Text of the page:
Trauma Survivors.

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Basil, I am planting basil on my mini balcon.

And I  just found this article about empathy, and resilience, and the real revolution we are witnessing. We are living a time of changing. And you know what? I have been attending a class of Excel and Word this week, some basic class, to get started with those beautiful softwares which are like white magic to me.

We were a group of people who are trying to requalify them selves in order to keep our job after our “accident”. Me, after burn out, and inability to work as receptionist anymore. The other girls were especially physically concerned, one is a dancer and broke her bones training, the other got leucemia, and she is recovering, but still smoking, another one has got the handicap status but dunno why exactly, she comes from food and beverage, and she hates sitting in front of a pc, typing all day.

This made me realise just one simple thing that I would like to share with you: we, as Trauma Survivors, or PTSD sufferers with no Trauma, are the living proof that we are all different. Despite what this Consumers Society wants to promote ( and fuck** Yes, I bought those Adidas too) .

PTSD are a self-defense reaction of our body and mind who tell us that we are not well, and the message sent is quite clear. And not only, we have been told that we need help, we need each other, but also that we need our Self, our Self Love and Worth.

Yes, tonight, planting my basil I wanted to tell you exatcly how I feel it.

We are a living proof of human beings Uniqueness. The fact that we find in this Community of Mental Health disease (we are just Sensitive people), it’s even more evidence. No one of us has got the same story, but we share the same symptoms.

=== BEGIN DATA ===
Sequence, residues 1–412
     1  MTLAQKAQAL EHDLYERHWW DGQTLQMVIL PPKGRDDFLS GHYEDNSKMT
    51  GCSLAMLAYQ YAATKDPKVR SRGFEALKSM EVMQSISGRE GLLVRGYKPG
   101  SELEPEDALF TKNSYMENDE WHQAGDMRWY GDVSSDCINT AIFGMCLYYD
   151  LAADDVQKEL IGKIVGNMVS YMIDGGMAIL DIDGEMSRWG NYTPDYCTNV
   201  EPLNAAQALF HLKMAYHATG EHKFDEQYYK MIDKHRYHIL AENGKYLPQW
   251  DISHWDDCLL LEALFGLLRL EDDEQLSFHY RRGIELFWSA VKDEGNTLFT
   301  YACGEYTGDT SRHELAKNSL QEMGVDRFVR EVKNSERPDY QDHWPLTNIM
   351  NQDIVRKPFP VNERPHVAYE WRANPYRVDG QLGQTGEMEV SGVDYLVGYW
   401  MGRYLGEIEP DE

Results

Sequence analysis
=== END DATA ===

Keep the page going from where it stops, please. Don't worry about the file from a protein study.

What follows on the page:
Let’s celebrate this Uniqueness altogether.

Basil is a very sacred plant and she attracts love, protection and wealth. Put a basil on your flat entrance or at the windows and you’ll attract good vibes.

I appreciate you are here.

xx

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PTSD Books: The Burnout Society.

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And this is the book that I was offered from my doctor. Actually, he wanted it back. Lol

 

 

 

 

 

 

 

 

 

 

***

Our competitive, service-oriented societies are taking a toll on the late-modern individual. Rather than improving life, multitasking, “user-friendly” technology, and the culture of convenience are producing disorders that range from depression to attention deficit disorder to borderline personality disorder. Byung-Chul Han interprets the spreading malaise as an inability to manage negative experiences in an age characterized by excessive positivity and the universal availability of people and goods. Stress and exhaustion are not just personal experiences, but social and historical phenomena as well. Denouncing a world in which every against-the-grain response can lead to further disempowerment, he draws on literature, philosophy, and the social and natural sciences to explore the stakes of sacrificing intermittent intellectual reflection for constant neural connection.

 

About the authors

Korean-born German philosopher Byung-Chul Han teaches philosophy and cultural studies at Berlin’s University of the Arts (UdK). In the past few years, his provocative essays have been translated into numerous languages, and he has become one of the most widely read philosophers in Europe and beyond. His work is presented here in English for the first time.

 

Check also this article about Philosophy:

In Orwell’s “1984” society knew that was being dominated. Not today.

 

 

Self Publishing. First book: check!

PTSD Beautiful Trauma

It was september 2015, I finally got my sick leave after a long stressful time and, not by chance, I went to the doctor office to ask for a ( life changing ) prescription. When I came out I got a burn out sentence. Yes, it was happening to Me, for real.

“Me? Mrs Perfect and Wonder Woman? Go away.”

Time to make a point, to say the least, and realise which were my real needs and prior Values.

My memoir is half journaling, half potential distopic sci-fiction. Definitely, it was my best company, and writing has been the first self-help therapy. It’s everyday struggle for survival, when everything literally burns inside out, and you go through your Dark Night of the Soul.